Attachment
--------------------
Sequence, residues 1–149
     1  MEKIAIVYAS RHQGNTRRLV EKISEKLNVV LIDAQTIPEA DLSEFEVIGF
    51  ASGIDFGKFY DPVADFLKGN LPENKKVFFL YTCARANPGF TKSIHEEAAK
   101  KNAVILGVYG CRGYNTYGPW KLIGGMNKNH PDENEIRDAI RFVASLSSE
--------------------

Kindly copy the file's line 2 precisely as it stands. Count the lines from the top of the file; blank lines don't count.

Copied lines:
     1  MEKIAIVYAS RHQGNTRRLV EKISEKLNVV LIDAQTIPEA DLSEFEVIGF